In the search for planets, astronomers have traditionally hunted around stars. But a new study estimates that planets that don't orbit stars could be far more plentiful than previously thought.
The Kavli Institute for Particle Astrophysics and Cosmology (KIPAC) at Stanford reported yesterday that new methods have dramatically raised the estimate of "nomad planets" in the Milky Way. There could be 100,000 more free-floating planets than stars in the galaxy.
Though they don't have the sun's energy to support life, some of these planets could have the conditions to support--and spread--microbial life through a combination of a thick atmosphere and heat generated by radioactive decay from the planet itself.
"If any of these nomad planets are big enough to have a thick atmosphere, they could have trapped enough heat for bacterial life to exist," Louis Strigari, who led research on the project, said in a statement. His team published a paper in the Monthly Notices of the Royal Astronomical Society on the new estimate.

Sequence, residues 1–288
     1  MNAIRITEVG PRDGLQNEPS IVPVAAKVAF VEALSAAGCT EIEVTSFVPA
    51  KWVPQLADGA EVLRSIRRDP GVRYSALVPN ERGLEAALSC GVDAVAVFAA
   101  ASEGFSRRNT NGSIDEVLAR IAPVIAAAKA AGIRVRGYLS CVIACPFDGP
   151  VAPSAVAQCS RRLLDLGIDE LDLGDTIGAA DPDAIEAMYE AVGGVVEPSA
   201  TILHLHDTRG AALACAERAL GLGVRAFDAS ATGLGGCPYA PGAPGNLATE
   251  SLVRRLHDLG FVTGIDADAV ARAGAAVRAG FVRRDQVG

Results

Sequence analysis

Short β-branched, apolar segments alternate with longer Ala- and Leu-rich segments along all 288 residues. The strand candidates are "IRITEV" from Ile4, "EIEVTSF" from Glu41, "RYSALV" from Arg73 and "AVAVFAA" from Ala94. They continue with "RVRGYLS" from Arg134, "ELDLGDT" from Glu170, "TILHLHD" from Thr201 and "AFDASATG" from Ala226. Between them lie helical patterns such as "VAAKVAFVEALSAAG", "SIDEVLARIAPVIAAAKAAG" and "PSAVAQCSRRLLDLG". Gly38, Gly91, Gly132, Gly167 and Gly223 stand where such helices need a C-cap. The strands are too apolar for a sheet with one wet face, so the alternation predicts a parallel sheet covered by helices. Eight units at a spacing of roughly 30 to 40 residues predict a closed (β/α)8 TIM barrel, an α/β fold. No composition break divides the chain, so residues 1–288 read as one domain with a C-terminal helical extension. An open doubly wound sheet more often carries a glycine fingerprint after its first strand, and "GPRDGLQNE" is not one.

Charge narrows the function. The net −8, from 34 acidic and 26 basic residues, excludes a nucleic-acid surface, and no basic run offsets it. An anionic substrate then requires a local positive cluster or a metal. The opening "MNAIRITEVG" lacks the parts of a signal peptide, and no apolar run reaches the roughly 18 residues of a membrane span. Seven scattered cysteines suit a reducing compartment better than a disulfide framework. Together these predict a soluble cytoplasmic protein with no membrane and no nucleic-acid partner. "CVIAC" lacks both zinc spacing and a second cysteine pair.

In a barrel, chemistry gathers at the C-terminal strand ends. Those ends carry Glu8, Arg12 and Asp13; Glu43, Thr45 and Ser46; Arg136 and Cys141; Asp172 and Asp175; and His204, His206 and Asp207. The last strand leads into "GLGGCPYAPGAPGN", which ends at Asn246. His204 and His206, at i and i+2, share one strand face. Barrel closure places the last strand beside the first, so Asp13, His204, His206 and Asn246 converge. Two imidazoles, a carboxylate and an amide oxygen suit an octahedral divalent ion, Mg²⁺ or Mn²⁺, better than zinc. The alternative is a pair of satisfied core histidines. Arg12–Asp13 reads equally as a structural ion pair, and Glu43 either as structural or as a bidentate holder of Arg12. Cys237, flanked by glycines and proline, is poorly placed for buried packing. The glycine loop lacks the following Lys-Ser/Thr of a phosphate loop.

A technique called gravitational lensing, which measures changes in light from the gravity of planets, has identified hundreds of sun-orbiting stars in the galaxy.
The team at Stanford deduced the number of nomad planets with complex math. Based on the gravitational pull of the Milky Way and the amount of matter available to objects in space, they could estimate matter available for planet-size objects, according to Stanford.
The group is hoping to confirm its estimate for nomad planets in the early 2020s, when more-accurate telescopes detect small objects in space.
"What is wonderful is that we can now start to address this question (of life on other planets) quantitatively by seeking more of these erstwhile planets and asteroids wandering through interstellar space, and then speculate about hitchhiking bugs," co-author and KIPAC Director Roger Blandford said in a statement.